Today I am 4 weeks 3 days. These are early, early days! Thanks again for your prayers for this little one inside. 🙂

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Filed under FET, Pregnancy

Torture Before Testing

Well folks, no one said this waiting period would be easy.

It’s far from easy. In the infertility world, I’m what you’d call 3dp6dt. That’s 3-days-past a 6-day-transfer, to equal 9 dpo (which translates to 9 days past ovulation). A little early for a home pregnancy test, although some women pregnant with multiples get positives this early. But I’m getting ahead of myself. Back to our embryo transfer.

Our frozen embryo transfer (FET) was on Tuesday. All in all, it was a rough day. For the first time ever, I blogged in real-time about the phone call from our RE announcing the poor prognosis of one of our embryo. After that blog post, I got an email from my RE. I won’t go into detail because it’s not important. But let’s just say that he was pretty rude and unkind in this quick email. It had nothing to do with the transfer that day, it was a response to an email I had sent him the prior week regarding my thyroid. On any given day, the email would have just made me mad. But on FET day, the day I am injected full of hormones, the day Josh is for some reason out of sorts and threatening to be screaming during our (already stressful) transfer, and most of all the day I hear one of my babies might be dying — well, I burst immediately into tears.

Thankfully, my husband called his mom to babysit Josh and she came to the rescue with 3 minutes to spare! I popped my prescribed valium, guzzled the prescribed amount of water, loaded up and hit the road.

And on the drive to the clinic, I let the email go. It didn’t matter. What was important was getting those babies transferred where they belonged.

When we arrived it was clear our RE didn’t want to transfer in our embryo that was looking less than great (I never did hear what the official “grade” that the embryo was). We went back and forth as I tried to ascertain what the actual status of the embryo was. My RE said that in his opinion, the embryo was a “demise.” A demise? A demise means dead. “Is it dead?” I asked. No, he said it wasn’t dead, but it was as good as dead. “Death is pretty black or white, is it dead?” I asked again. He said it was black or white for him — it might as well be dead. So he wasn’t willing to call it dead.

Because it was not dead.

He stepped out of the room and gave my husband and I a minute to decide what we wanted to do. But we already knew we were transferring in this struggling embryo. We talked about it for about one second. My RE came back in the room and we told him we wanted both embryos transferred.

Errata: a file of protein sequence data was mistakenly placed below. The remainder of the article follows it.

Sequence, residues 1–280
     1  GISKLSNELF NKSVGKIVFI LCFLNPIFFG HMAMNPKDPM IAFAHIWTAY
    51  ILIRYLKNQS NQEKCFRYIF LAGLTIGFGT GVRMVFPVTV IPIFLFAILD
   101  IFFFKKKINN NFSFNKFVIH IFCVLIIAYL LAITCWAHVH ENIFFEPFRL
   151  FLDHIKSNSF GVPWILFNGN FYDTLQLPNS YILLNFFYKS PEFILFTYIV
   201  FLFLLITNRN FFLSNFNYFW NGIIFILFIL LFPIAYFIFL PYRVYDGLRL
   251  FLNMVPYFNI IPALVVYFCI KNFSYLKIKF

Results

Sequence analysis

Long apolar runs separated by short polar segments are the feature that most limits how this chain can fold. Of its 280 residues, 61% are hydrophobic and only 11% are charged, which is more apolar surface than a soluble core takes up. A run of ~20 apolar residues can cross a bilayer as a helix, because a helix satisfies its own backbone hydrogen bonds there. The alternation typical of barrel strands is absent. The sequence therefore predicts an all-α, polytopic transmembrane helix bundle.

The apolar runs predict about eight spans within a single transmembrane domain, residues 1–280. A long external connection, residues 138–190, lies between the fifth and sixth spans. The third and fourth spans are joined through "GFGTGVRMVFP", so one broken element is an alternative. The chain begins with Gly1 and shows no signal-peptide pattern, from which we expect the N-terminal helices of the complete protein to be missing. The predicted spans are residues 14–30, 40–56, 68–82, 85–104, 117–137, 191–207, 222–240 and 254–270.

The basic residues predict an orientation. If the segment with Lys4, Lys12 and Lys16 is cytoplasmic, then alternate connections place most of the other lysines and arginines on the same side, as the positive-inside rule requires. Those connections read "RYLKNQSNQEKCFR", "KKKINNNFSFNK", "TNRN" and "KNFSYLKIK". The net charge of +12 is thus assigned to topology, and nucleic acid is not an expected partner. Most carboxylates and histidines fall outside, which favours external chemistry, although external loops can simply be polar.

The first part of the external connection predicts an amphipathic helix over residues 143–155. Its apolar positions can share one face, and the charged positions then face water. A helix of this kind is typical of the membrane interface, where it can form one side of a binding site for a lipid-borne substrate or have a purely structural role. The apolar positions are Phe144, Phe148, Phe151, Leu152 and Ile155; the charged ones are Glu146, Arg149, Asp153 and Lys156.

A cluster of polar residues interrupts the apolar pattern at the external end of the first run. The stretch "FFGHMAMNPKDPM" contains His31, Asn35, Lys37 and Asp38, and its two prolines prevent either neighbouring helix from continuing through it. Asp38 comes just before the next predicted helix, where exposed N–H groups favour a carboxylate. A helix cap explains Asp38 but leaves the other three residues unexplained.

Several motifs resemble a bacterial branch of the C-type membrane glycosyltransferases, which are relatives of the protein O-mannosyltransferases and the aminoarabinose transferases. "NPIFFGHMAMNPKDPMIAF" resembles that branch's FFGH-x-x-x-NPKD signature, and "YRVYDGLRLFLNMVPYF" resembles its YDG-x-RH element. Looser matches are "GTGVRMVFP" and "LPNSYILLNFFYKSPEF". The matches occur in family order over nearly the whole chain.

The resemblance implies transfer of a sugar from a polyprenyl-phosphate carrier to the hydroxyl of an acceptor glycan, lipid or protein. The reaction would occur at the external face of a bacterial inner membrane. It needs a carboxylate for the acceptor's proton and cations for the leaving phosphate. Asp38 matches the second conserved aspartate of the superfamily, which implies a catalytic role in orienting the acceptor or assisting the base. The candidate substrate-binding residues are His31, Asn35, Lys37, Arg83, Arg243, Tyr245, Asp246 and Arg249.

Ten minutes later, both embryos had been transferred without any complications. He handed us pictures of our embryos, then in the blastocyst (about to hatch) stage. I looked at each embryo with wonder and amazement– these were our children. One of the embryos, the struggling embryo, had some cells that had burst, indicating that things were not good. But there were still cells that were intact. It still had a chance, even if it is a very, very small chance.

As my RE was walking out the door, he said, “This is good. You only want one baby. You don’t want twins. One baby is best.” The door slammed behind him. I couldn’t help it — I gave the biggest eye roll at his comment. Never mind the prior appointments where I told him we were comfortable with the idea of twins. Never mind the fact that it was his idea to transfer two embryos last summer. How wrong he was, and how frustrated I felt with him for not rooting even a little for our struggling embryo. I’m not sure what was going through his head, but he seemed to be wrapped up in the well being of his clinic’s statistics of viable pregnancies.

Then, our lovely nurse (who I adore) asked to see the pictures of our embryos. “Hmm” she said. “They’re not what I’d call great looking embryos, but you never know.” The truth is, I had been thinking the same thing (comparing only with pictures of blastocysts I’d seen on the internet) and inquired further. Why did she think that? I appreciated her giving me her honest opinion. She popped her head around the door to speak with the embryologist. The embryologist explained that no, one of the embryos was of excellent quality (4AA) but it just hadn’t had time to re-expand after being thawed. My nurse said, “Well, the embryologist is the expert!” I breathed a sigh of relief. It was clear that the nurse just didn’t know as much about it, although I know she’s worked at the clinic for a long time.